05/03/2008

Prayer: does it make any difference? (by Philip Yancey)

I really like Philip Yancey's books. He's an American Christian writer who has a clear style of writing that gets to the heart of issues and problems. He uses anecdotes to illustrate his points, and his language is straightforward, yet very readable. I always look forward to his new books.

'Prayer: does it make a difference?' is one I have been meaning to read for a while. It's a fairly big book - larger in size than typical paperbacks, and over 300 pages. I generally read fast, but it took me some weeks to get through this as I found it rather heavier going than normal for Yancey. It's very well-written, and there are plenty of anecdotes as usual, but perhaps the subject matter required more thought, or perhaps he did more research than usual, so it felt a little dryer.

One slight problem I had was that ever so often there were quotations from various people taking up whole pages, on a different background to the main text. Sometimes one of these pages would appear in (apparently) the middle of a sentence of the main part of the book - so either I had to read ahead, and then go back to the quotation, or I'd read the quote and then back-track in the text. A minor irritation, but one that bugged me several times.

The other strange thing about it is that Yancey never seems to use pronouns to describe God. At least, he doesn't in this book. Mostly this doesn't matter, but once or twice it made for slightly convoluted sentences, where he repeated 'God' and 'God's'two or three times, rather than using 'His' and 'Him/He'. I don't know if this was deliberate (to avoid, perhaps, the controversy of whether to use a capital H!) or accidental, but it felt a little odd.

Having got all hat out of the way, overall I thought it was an excellent book - by far the most thorough I have ever read on the topic of prayer. It gets to the heart of many people's difficulties by looking honestly at what prayer is, what God wants of us, what we expect when we pray, what it means when prayer is not answered, and more.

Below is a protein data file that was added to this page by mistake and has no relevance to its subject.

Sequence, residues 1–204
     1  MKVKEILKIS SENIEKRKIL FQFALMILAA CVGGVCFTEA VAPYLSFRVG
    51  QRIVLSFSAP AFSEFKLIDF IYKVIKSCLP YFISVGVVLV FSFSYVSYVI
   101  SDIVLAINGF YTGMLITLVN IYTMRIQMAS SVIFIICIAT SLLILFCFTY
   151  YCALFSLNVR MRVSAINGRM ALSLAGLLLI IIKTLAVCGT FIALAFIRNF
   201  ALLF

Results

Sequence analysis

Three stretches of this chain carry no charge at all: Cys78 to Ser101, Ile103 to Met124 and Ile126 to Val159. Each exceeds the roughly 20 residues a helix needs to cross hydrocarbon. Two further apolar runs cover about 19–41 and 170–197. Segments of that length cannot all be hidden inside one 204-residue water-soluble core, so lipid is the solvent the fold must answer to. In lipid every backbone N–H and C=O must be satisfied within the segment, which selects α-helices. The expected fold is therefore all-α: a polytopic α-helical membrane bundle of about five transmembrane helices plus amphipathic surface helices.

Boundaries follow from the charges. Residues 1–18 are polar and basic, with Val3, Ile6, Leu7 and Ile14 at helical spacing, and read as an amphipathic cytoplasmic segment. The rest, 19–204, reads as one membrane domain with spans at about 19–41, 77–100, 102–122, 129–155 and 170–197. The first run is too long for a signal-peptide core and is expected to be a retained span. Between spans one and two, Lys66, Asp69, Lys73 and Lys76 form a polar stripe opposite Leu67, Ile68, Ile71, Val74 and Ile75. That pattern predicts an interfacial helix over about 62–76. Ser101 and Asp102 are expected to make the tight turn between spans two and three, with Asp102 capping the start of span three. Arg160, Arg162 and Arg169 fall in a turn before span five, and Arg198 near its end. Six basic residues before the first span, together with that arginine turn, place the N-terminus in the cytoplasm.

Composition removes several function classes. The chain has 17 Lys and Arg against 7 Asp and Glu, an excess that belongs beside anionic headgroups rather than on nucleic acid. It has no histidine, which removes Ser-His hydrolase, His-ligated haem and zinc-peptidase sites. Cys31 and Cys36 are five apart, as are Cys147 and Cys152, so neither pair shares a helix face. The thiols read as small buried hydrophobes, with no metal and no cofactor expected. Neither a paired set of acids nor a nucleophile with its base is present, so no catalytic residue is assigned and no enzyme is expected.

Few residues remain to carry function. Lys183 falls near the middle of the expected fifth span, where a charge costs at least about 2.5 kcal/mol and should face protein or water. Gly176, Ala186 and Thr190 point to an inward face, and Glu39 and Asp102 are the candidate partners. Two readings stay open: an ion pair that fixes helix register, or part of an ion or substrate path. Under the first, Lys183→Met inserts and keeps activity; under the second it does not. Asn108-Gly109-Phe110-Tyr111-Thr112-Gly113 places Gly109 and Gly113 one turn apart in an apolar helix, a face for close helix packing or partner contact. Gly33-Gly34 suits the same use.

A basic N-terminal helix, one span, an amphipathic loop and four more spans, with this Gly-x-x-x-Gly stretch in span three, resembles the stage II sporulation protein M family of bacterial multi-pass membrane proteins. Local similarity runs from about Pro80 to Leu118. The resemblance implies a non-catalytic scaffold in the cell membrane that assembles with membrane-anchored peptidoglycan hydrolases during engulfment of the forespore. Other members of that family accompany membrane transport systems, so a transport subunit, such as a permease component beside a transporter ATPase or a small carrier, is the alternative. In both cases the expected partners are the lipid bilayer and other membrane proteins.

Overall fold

The first part of the book is called 'Keeping company with God' and looks at how important it is to come into God's presence - not with rituals, or formulas, but to spend time with him, getting to know his presence, learning more about him - and about ourselves in the process.

Further sections look at reasons for praying, whether it actually makes a difference, praying for the sick, and so on.

All in all, I thought it was very good, well-written, and extremely sound. Just a little heavy-going, which isn't something I expect with Philip Yancey's books. But recommended, nonetheless. Just don't expect to read it in a couple of sittings!

2 comments:

Anonymous said...

is this what you will be reading in May? ;)

Sue said...

I couldn't think what you meant.. then noticed the date. How odd! Blogger was having some strange glitches when I posted the review (it took about five attempts) - so evidently something odd happened with the date. I'll alter it to March quickly! Thanks for alerting me.